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Crime & PunishmentGeneralLiberia news

RIA drug bust overshadows 2023 campaigns

The confiscation of boxes containing illicit drugs over the weekend at the Roberts International Airport (RIA) in Margibi County appears to have overshadowed the 2023 Presidential and Legislative elections.

It all started when a contingent of the Armed Forces of Liberia (AFL) detailed at the airport arrested and placed under investigation RIA’s Security Manager Samuel Freeman for his alleged attempt to smuggle several cartoons of suspected contraband substance directly from the tarmac into a minivan using an unauthorized exit at the airport.

The arrest follows denials and claims that the content in the boxes were mere Moringa leaves flooded the local media including social media calling on the Liberian Government to come clean.

On Tuesday, 12 September, which marked six weeks into a tense campaign, the Liberian Government through the Ministry of Justice confirmed that the consignment of boxes intercepted contained illicit drug methamphetamine.

In its press statement signed by Information Minister Ledgerhood Rennie, government confirmed that the consignment of boxes it intercepted containing herbal plants – packaged and in natural form – at the Roberts International Airport reveals a presence of methamphetamine.

Methamphetamine is a powerful, highly addictive stimulant that affects the central nervous system. It takes the form of a white, odorless, bitter-tasting crystalline powder that easily dissolves in water or alcohol.

Government noted that as part of the Liberia Drug Enforcement Agency’s investigation, which included scientific examination, samples tested revealed the presence of the illicit drug, which is banned under the rules of the United Nations Office of Drugs and Crimes, UNODC.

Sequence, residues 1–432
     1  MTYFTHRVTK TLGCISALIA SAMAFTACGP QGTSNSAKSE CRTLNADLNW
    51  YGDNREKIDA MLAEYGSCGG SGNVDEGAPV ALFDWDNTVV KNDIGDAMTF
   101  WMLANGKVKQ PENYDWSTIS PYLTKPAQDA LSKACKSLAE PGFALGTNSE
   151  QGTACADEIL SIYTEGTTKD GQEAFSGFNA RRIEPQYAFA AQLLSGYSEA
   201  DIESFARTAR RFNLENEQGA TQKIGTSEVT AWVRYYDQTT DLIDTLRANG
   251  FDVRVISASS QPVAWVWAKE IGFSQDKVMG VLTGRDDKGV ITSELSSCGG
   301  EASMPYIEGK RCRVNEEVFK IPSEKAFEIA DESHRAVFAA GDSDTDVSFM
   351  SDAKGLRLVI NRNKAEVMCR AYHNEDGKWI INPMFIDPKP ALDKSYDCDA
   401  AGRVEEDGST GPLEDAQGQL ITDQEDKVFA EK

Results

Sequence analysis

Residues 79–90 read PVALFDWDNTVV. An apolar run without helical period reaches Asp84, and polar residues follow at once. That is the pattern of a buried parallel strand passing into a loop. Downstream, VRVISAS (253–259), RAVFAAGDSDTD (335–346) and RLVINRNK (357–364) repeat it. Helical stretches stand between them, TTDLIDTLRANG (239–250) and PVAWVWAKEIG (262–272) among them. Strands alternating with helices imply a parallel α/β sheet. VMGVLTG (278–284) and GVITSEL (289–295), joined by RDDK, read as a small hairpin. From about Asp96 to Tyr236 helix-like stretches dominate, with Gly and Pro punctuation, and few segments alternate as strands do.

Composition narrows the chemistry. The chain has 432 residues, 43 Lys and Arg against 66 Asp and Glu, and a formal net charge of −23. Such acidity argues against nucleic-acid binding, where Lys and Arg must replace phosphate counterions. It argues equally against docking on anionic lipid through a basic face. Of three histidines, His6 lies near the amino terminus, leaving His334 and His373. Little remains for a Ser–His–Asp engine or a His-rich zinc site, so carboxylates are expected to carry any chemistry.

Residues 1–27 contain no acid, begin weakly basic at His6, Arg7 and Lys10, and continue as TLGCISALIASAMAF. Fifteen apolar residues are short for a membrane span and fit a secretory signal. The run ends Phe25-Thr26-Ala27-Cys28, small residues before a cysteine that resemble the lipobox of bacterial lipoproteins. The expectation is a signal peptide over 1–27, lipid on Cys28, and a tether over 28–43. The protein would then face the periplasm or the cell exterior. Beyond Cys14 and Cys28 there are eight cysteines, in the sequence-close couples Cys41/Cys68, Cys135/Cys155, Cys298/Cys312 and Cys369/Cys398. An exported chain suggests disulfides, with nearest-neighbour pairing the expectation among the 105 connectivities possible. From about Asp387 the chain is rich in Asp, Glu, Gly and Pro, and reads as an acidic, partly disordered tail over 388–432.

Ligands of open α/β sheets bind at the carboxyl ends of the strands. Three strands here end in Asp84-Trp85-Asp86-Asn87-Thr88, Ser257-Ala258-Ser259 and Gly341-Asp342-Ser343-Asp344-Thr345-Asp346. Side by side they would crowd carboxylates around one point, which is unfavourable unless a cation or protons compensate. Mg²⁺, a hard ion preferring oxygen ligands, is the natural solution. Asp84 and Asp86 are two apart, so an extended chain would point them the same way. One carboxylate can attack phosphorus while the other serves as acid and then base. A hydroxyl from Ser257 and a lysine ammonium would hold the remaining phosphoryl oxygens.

Government stated in its statement that the Minister of Justice had with immediate effect ordered the Joint Security of Liberia, as well as the LDEA, LNP and the NSA, to expand their investigations on the importation of illegal drugs with the aim of bringing to justice all those involved.

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However, the confirmation by Government that the substance contained in boxes were illicit drugs, the Collaborating Political Party (CPP) took a swipe at the George Weah regime, while condemning the continuous smuggling of illicit drugs here.

In its press statement titled “Weah Makes Liberia Lawless And Unsafe: Drug Smuggling On The Rise, the National Campaign Committee to Elect Alexander B. Cummings President of Liberia said the confirmation by Government that the so-called moringa leaves being smuggled under the facilitation of the head of security of RIA points the smuggling ring directly to the Office of President.

The CPP said disturbing details raise serious questions about the security at Liberia’s ports of entry, as well as the collusion of senior government officials in smuggling and peddling of dangerous narcotics in the country.